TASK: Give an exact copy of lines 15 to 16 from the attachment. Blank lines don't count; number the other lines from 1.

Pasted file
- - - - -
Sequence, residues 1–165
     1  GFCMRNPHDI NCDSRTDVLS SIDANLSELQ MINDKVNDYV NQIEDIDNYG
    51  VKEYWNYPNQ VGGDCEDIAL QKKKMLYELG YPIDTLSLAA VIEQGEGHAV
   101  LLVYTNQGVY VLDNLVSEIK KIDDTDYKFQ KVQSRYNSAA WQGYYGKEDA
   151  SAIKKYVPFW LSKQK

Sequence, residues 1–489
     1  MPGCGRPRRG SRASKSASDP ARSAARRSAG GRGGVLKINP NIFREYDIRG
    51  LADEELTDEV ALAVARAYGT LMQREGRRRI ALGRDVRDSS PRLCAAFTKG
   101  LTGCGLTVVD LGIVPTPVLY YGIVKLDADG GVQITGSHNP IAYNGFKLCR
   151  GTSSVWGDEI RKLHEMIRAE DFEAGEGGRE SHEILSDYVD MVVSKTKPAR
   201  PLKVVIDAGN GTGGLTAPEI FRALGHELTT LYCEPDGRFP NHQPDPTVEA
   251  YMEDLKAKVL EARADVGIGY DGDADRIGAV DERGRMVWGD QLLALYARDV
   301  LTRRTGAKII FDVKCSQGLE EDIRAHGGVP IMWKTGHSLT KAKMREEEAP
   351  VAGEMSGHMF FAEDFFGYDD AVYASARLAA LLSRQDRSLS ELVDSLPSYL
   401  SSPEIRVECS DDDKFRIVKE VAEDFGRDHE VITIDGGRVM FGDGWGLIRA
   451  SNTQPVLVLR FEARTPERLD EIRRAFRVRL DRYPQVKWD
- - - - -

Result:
   401  SSPEIRVECS DDDKFRIVKE VAEDFGRDHE VITIDGGRVM FGDGWGLIRA
   451  SNTQPVLVLR FEARTPERLD EIRRAFRVRL DRYPQVKWD